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RE: XMLHttpRequest Comments from W3C Forms WG

From: Larry Masinter <masinter@adobe.com>
Date: Fri, 18 Dec 2009 20:01:42 -0800
To: "Klotz, Leigh" <Leigh.Klotz@xerox.com>, Boris Zbarsky <bzbarsky@MIT.EDU>
CC: Forms WG <public-forms@w3.org>
Message-ID: <C68CB012D9182D408CED7B884F441D4D308C3D@nambxv01a.corp.adobe.com>
I think Boris' message is misleading, not sure if intentionally so.

http://www.w3.org/Bugs/Public/show_bug.cgi?id=8207

The bug is still open, has not been closed, and the IETF working group to
complete the IRI document so that it is (among other things) suitable
for a normative reference has apparently been approved.

There should be no need -- and there are no plans to update, progress,
or publish --  http://www.w3.org/html/wg/href/draft.

Larry
--
http://larry.masinter.net


-----Original Message-----
From: public-webapps-request@w3.org [mailto:public-webapps-request@w3.org] On Behalf Of Klotz, Leigh
Sent: Thursday, December 17, 2009 2:23 PM
To: Boris Zbarsky
Cc: WebApps WG; Forms WG
Subject: RE: XMLHttpRequest Comments from W3C Forms WG

Boris,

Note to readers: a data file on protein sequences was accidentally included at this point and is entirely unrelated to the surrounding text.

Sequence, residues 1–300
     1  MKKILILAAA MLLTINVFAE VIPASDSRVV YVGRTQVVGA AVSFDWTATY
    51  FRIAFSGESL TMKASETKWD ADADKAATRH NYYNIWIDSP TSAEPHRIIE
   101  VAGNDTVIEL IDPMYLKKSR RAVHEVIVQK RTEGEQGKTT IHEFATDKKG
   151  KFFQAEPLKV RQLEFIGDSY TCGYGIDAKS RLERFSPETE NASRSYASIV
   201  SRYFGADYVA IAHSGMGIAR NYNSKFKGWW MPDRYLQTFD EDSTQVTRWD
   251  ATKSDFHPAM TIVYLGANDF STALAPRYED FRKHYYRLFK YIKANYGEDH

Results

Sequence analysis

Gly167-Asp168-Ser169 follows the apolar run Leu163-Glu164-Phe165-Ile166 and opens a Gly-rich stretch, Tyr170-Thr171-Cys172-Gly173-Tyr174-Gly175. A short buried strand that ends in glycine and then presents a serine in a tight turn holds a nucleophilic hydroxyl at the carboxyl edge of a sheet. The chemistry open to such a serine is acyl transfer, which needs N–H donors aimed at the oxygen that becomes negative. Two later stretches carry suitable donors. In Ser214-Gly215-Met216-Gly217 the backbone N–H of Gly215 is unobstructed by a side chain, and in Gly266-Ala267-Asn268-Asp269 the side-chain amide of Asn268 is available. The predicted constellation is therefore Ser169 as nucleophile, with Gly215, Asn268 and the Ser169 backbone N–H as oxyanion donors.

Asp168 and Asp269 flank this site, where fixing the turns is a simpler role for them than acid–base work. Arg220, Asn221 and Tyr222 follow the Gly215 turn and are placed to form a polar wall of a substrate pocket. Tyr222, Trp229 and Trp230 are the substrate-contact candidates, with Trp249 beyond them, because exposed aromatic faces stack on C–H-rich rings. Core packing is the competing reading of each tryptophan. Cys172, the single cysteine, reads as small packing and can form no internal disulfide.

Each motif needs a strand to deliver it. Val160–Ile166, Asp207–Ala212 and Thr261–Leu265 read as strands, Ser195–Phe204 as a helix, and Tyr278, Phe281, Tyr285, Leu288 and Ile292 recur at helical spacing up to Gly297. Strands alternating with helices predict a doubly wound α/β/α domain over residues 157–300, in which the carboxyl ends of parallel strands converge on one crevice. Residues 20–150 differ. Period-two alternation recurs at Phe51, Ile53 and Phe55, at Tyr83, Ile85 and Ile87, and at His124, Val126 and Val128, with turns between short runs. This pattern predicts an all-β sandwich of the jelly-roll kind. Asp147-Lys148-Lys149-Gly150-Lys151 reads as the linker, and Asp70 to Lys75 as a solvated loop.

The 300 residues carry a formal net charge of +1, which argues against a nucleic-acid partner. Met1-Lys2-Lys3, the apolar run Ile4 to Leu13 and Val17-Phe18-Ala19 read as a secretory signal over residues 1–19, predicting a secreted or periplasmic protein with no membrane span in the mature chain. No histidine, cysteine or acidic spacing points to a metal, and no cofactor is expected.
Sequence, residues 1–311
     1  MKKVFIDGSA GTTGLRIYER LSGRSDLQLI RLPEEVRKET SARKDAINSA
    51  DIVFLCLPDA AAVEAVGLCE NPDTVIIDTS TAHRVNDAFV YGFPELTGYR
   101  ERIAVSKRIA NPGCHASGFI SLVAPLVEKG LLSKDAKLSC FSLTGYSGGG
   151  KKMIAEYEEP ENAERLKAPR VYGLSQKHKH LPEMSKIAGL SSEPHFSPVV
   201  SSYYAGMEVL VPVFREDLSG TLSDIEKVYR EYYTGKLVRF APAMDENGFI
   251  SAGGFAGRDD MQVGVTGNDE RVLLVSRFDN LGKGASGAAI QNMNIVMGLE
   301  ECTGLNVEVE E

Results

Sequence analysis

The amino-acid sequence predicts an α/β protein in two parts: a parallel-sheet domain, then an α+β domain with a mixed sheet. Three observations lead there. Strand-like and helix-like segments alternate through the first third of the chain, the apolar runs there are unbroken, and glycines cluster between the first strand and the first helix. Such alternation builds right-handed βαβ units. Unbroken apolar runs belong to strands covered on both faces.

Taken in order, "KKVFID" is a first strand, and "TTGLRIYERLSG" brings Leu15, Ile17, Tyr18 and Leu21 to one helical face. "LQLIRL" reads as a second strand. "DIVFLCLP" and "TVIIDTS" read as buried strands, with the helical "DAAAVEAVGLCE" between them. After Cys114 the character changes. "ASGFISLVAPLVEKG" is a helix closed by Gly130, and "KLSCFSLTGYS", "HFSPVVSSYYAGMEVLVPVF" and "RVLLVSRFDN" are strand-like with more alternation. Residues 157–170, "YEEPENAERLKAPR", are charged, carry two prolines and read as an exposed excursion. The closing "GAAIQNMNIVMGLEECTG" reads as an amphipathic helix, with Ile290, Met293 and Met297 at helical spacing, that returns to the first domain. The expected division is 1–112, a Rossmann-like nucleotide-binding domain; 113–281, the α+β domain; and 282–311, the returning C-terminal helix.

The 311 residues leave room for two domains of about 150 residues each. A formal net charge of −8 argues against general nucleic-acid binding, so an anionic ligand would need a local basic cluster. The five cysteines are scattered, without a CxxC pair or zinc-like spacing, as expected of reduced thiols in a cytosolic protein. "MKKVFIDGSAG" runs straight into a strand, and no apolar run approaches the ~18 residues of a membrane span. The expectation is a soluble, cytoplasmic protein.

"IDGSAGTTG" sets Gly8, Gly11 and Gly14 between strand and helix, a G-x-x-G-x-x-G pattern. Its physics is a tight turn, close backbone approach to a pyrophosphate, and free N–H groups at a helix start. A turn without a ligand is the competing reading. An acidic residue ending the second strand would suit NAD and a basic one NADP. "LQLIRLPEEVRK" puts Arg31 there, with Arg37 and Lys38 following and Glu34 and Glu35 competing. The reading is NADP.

Thank you for the clarification.  Surely then this ought to be fixed with an IETF or W3C document describing this fact, and not by requiring all future specifications which use URLs to reference the HTML5 document.  

Is it defined in http://www.w3.org/html/wg/href/draft ?

If so, perhaps that document needs to have a better title than "Web Addresses in HTML5" if it's already in use in user agents in practice in web reality?  

Thank you,
Leigh.

-----Original Message-----
From: Boris Zbarsky [mailto:bzbarsky@MIT.EDU] 
Sent: Thursday, December 17, 2009 2:17 PM
To: Klotz, Leigh
Cc: WebApps WG; Forms WG
Subject: Re: XMLHttpRequest Comments from W3C Forms WG

On 12/17/09 2:10 PM, Klotz, Leigh wrote:
> I'd be surprised if some of these aren't terms already defined elsewhere.  "URL" for example, is surely not given a different definition in HTML5 from the definition in RFC 3986.

As it happens, it is.  There are various strings that are defined to not be a URL in RFC 3986 terms (as in, don't match the production) but are used on the web in practice and which handling needs to be defined for.

In other words, RFC 3986 is pretty well divorced from web reality; a UA trying to actually implement it ends up not compatible with the web.

-Boris
Received on Saturday, 19 December 2009 04:03:27 UTC

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